Have you carefully asked your prospect all of the questions to extract every last value prop they might be interested in? Are you bursting at the seams with relevant case studies and a product demo that’s going to blow their mind? Great, you’re ready to Cash In The Diamonds.

Selling Through Customer Stories

After you’ve patiently mined for every last pain or future benefit your product could offer and you have a basket full of ways to sell this customer, it’s time to start cashing in. Most sales reps get what’s known as Commission Breath here: coming across as overeager, junior, and too excited to be a seasoned vet.

The top sales professionals are consultants to their clients. They offer impartial advice to every customer because they are experts in their field who have done this a million times. They have a deep understanding of how to solve these specific set of challenges. And they unemotionally impart that knowledge in a detached way, because they don’t care if the customer is going to buy or not. They only care that the customer knows what the right decision is based on their wisdom.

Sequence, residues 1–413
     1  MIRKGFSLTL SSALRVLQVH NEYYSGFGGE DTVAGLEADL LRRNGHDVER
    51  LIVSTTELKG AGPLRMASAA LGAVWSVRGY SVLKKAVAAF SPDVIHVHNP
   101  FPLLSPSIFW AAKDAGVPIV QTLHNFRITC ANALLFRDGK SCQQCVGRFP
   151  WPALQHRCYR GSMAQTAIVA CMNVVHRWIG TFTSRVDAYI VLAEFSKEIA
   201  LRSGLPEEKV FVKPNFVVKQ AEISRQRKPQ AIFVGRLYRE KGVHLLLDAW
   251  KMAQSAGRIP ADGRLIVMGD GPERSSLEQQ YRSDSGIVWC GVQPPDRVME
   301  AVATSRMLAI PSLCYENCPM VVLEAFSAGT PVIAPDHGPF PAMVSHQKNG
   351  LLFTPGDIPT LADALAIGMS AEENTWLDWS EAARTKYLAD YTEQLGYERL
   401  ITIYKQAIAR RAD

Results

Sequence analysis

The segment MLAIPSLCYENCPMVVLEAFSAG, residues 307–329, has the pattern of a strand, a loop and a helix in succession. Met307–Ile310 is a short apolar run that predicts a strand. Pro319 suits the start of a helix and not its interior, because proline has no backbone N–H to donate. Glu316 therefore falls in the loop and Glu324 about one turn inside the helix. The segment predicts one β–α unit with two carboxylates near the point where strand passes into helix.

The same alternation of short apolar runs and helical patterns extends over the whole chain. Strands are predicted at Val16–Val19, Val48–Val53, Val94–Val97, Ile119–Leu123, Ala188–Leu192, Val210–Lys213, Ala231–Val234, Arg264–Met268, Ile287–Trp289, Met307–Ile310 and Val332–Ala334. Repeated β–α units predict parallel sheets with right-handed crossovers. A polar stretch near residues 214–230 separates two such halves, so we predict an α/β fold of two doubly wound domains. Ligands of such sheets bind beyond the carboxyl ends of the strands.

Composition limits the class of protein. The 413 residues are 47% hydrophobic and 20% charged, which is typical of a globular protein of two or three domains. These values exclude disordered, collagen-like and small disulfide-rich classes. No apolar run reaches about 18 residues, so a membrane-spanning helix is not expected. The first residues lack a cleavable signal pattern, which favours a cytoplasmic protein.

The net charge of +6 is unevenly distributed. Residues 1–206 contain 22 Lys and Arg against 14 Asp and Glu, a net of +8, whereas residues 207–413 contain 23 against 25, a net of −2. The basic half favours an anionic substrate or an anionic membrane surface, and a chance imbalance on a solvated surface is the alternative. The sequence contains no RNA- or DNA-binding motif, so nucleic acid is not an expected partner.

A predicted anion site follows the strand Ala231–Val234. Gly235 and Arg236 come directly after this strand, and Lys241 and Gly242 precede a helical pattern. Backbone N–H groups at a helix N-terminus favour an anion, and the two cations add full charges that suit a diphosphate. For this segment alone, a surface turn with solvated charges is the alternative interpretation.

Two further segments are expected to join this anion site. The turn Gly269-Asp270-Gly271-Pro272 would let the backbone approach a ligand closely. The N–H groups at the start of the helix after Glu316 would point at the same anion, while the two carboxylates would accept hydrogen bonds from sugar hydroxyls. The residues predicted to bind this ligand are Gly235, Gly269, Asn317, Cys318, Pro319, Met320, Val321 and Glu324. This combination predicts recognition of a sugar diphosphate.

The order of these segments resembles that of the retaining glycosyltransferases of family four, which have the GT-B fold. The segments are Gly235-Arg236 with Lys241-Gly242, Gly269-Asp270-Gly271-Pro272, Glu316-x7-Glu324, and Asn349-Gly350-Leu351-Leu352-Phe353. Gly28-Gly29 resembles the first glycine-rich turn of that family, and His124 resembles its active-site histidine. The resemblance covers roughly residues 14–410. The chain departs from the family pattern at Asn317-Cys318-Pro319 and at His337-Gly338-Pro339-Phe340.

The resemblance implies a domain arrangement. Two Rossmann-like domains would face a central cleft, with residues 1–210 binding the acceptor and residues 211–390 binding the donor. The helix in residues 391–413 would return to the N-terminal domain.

How do they achieve this effect?

It’s simple: rather than showing their product, they explain how the same product has solved the exact same challenge for somebody else.

How does this work? Here’s an example of how I would cash in on the diamond we found in the Needs Analysis Guide of the VP Sales not having access to performance data on LinkedIn:

Me: You’d mentioned previously that you don’t have access to sales performance data on LinkedIn or resumes, so you instead use previous employers as proxy for screening candidates right?

Prospect: Yup.